One of the most dramatic and important achievements of the last century was the discovery of insulin in 1921-1922 in the University of Toronto. The patent remarkably got to be sold for a mere one dollar. Today a single vial of long acting insulin analogue costs almost $ 200 in the USA. North America has 7% of the world’s diabetic population but accounts for more than 50% of insulin sale, whereas China accounts for 25% of the world diabetic population but accounts for only 4% of insulin sales. Insulin sales could have been worth more than 20 billion dollars worldwide last year.
The story of the discovery has garnered a mythical hue. A 29-year-old surgeon Frederick Banting was assisted by undergraduate student named Charles Best in experiments with dogs that resulted in a crude insulin extract. The laboratory facilities were provided by the respected physiologist J.J.R. Macloed.The crude extract was refined by J B Collip, a biochemist. The crude insulin extract was injected in the first patient of diabetes in January 1922. This resulted in mild lowering of blood sugar, but the result was exciting enough for Eli Lilly in the US and Connaught Labs in Canada to begin industrial production of the wonder drug that would prove a life saver for patients of type 1 diabetes.
In 1923 the Nobel Prize in Physiology or Medicine was awarded to Banting and Macloed (but not to Best nor Collip). The 2 award winners went on to publicly share the prize money with Best and Collip. Michael Bliss wrote a remarkable and probably the best book on the discovery of insulin called “The Discovery of Insulin”. This is a book that should be read by any physician interested in the treatment of patients of diabetes, because having diabetes was a horror story before the discovery of insulin. It is difficult to comprehend life before the discovery of insulin.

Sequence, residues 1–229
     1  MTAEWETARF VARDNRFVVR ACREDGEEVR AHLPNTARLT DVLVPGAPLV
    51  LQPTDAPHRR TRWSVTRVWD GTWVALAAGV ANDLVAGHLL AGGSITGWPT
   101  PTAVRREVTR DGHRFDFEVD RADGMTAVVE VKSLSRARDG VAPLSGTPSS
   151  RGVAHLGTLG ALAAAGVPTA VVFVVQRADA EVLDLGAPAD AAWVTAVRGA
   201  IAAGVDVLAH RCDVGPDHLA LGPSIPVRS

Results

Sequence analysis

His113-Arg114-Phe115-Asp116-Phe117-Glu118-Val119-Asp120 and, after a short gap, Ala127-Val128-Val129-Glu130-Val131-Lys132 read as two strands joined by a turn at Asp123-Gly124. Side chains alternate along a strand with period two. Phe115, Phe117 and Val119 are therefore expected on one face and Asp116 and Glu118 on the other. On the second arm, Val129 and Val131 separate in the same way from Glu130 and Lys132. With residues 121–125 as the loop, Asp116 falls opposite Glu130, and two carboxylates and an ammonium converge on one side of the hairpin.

Human insulin was introduced in 1982 (cost $14) and then insulin analogues in 1996 at $24 per vial. But today a vial of insulin analogue is out of the reach of a lot of American patients. The costs are mercifully less in India, which has the second largest population of diabetes in the world after China. Insulin glargine costs almost Rupees 600 while the ultra-longacting Degludec costs a little more than Rupees one thousand eight hundred. On the other hand synthetic human insulin, substantially cheaper, have almost been discarded in the USA. More over drug companies manufacturing insulin analogues are aggressively marketing the more expensive analogues in conventions and also getting studies published in premier medical journals.
A vial of neutral protamine Hagedorn (NPH), human regular (R) insulin, premixed 70/30 NPH sells for less than $25 in the US and even less in India. Combative marketing by drug companies is capable of driving physicians away from the proven efficacy of human insulin, at least in type 2 diabetes. Insulin analogues do not improve glycemic control nor reduce the risk of hypoglycemia as compared with human insulin. Human insulin can be as effective as the analogues if used skillfully and judiciously.
There are some differences of course between human insulin and the insulin analogues. The long acting insulin analogues have constant plasma levels for more than 24 hours, while human N insulin does not cover more than 18 hours. Nocturnal hypoglycemia is modestly less than human insulin in patients with type 2 diabetes. The challenge for the physician is to never be too aggressive in lowering the glycated hemoglobin levels (HbA1C). All insulin analogues are available in the pre filled pen forms while most human insulin are not. It matters little where a rapid onset insulin analogue is injected in the human body. In the case of rapid R human insulin the quickest onset of action is obtained with an injection in the abdomen.